Last October, I explained on the blog that our composer, KEVIN CROXTON, puts a lot of time and effort into creating our great music. And it’s not like he hangs around all day and has endless time to work on our fan film. This busy man teaches music at an Arkansas elementary school, edits his own James Bond fan film he made with his students last year (shot right before COVID), and has had health problems with both himself and other family members (some of whom had to leave the state for testing during the pandemic).
By the way, Kevin doesn’t just make music for Interlude. We covered almost the entire twelve minutes of the fan film in an almost uninterrupted stream of original (and excellent) music. And there are about 40 to 50 individual instruments playing at the same time! You’re probably thinking: Whatever. He only uses sampled sounds, right? Anyone can add additional digital layers from any instrument and easily get to 40 or 50 tracks. Kevin doesn’t. He played about a quarter of the instruments live, including a number of horns. A few months ago he accidentally hit a piece of horn (an instrument he has played for decades) with his front tooth and thought he had broken a tooth! The treatment was therefore postponed for a week – so as not to risk putting a corneal instrument in the mouth until the dentist was sure that the tooth had not suffered significant damage. (Don’t worry, it turns out that all of Kevin’s teeth are fine).
But add to that list the ridiculous things – river floods, woodpecker traps, stray dogs and wild tornadoes – that have somehow affected and/or delayed this project since we started it two years ago.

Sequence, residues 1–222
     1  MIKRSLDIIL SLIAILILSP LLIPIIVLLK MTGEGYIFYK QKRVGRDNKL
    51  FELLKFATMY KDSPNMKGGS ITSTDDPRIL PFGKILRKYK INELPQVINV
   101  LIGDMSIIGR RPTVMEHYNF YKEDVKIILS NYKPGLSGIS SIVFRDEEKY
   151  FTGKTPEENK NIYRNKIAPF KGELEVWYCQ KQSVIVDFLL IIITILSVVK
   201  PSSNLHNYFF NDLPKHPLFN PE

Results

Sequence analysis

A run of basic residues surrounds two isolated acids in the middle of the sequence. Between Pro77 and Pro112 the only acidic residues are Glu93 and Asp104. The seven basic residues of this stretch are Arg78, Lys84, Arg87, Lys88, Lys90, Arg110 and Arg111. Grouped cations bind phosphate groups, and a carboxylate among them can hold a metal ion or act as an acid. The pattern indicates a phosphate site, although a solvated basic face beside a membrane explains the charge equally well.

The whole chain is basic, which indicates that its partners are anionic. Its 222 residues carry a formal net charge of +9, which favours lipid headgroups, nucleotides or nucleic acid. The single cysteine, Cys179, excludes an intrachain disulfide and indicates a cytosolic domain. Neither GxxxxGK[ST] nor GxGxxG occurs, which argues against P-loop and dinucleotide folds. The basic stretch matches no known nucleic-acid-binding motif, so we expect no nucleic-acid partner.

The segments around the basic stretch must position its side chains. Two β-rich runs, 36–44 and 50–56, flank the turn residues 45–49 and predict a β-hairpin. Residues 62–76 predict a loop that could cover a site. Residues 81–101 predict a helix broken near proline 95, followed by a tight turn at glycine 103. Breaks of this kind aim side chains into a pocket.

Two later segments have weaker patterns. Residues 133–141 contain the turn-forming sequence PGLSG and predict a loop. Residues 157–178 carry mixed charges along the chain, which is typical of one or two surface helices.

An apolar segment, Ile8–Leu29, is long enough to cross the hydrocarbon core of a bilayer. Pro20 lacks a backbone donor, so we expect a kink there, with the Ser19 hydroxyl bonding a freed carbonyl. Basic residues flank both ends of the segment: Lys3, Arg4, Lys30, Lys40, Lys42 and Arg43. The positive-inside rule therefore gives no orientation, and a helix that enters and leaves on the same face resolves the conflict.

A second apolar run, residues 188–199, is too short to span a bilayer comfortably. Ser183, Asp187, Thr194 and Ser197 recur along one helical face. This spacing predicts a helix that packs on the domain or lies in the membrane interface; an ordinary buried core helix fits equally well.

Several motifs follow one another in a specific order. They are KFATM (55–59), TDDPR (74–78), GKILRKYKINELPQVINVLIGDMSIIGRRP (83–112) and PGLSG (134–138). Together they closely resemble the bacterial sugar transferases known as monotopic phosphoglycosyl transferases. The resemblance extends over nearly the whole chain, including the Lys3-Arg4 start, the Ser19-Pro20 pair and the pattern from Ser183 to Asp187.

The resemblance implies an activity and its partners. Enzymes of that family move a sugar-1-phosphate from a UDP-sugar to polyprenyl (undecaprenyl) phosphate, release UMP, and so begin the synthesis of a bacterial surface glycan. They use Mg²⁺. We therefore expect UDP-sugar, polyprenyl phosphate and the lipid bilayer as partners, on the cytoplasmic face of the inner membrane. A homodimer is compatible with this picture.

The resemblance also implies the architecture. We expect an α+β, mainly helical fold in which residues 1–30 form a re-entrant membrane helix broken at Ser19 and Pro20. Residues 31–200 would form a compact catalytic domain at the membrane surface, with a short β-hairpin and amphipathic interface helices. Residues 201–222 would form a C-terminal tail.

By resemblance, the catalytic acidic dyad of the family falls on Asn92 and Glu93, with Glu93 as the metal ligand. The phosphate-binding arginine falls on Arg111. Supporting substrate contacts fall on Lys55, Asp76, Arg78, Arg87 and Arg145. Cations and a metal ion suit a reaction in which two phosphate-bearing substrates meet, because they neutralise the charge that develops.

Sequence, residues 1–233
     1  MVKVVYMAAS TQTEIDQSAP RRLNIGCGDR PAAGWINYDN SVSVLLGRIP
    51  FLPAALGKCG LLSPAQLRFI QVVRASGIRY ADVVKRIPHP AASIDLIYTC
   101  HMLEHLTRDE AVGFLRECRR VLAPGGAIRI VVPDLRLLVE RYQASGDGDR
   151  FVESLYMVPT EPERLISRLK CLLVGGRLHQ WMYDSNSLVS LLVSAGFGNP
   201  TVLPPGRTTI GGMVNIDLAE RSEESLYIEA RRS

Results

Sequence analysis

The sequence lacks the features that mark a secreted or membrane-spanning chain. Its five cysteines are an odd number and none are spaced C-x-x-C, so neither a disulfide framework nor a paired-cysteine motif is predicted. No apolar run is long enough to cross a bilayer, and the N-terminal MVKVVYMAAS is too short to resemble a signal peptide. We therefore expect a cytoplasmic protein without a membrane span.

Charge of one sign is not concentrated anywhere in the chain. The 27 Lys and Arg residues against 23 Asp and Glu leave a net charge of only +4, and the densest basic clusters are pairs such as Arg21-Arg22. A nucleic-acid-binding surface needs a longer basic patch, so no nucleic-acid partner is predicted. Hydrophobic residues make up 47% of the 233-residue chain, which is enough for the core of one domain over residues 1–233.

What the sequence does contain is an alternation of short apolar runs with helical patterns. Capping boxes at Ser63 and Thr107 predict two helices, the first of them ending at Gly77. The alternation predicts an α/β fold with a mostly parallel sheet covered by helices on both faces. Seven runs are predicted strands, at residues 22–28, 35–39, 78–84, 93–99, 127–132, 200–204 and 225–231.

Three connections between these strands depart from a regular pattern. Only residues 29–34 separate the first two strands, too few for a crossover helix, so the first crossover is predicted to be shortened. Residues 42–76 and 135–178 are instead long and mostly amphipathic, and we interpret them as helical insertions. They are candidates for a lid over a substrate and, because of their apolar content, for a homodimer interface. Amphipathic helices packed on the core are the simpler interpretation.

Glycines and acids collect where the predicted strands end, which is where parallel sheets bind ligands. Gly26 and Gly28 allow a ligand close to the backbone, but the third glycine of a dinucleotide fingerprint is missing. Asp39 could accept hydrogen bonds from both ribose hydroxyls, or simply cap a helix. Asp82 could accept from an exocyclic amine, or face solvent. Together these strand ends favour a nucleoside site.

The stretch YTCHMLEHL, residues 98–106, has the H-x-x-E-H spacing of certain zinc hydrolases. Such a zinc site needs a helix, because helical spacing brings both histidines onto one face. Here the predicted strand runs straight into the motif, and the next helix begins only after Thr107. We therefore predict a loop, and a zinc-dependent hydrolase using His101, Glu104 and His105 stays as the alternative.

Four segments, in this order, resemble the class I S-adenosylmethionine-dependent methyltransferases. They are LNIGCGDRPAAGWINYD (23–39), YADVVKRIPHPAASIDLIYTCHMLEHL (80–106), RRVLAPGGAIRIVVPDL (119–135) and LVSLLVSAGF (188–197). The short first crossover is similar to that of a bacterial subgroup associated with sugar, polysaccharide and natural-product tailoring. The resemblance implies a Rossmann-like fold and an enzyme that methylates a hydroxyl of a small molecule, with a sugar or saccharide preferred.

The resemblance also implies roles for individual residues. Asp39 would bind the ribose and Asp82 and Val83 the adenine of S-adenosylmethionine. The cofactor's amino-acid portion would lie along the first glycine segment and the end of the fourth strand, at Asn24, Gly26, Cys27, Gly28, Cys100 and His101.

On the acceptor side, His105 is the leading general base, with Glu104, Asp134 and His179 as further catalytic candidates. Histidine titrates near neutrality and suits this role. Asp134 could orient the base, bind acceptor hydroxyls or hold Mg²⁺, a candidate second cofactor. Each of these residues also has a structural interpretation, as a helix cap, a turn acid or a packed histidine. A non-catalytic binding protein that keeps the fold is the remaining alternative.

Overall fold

And the madness isn’t over yet! Remember the frost that hit most of America a few weeks ago? Well, the interlude of delay and post-production!
After the end of the year, everything went well. Kevin finally finished the music after making a few final adjustments I asked him to make, which probably drives him crazy because I’m a perfectionist! And yes, I also drove my director VICTORIA FOX, my editor JOSHUA IRWIN and my friend from VFX LEWIS ANDERSON crazy. I realize – with a huge dose of well-deserved guilt – that I asked a lot of each of these talented and hard-working people, and they have been very patient with my desire to get every detail of this fan film just right…. Even if I’m the only one who will probably ever notice!
And now it’s the last in line, MARK EDWARD LEWIS, to help me mix the sound.
I plan to write a full article on sound mixing after the release of Interlude, and then I can show you all the different iterations of the mixing process. But for Sense, the most important thing to understand (besides the fact that Mark, like my entire team, has other important things to do with his time and he can’t just check Interlude after a few hours) is that there can be a lot of complexity in the sound mix.
One of the first things I learned – and I admit it, it’s duh! The concept is that you can’t set everything to 11 to get a perfect sound mix (as anyone who has seen a Tenet movie can attest). If you have big loud explosions, your audience won’t be able to hear the music. If you want to understand the dialogue, you have to deny the music…. but not necessarily all the music. The female voices and the upper strings of the violins have the same tonal frequency, while the male voices and some horns cancel each other out. There is so much knowledge and experience involved in making a good mix…. So I’m very happy to have Mark on board.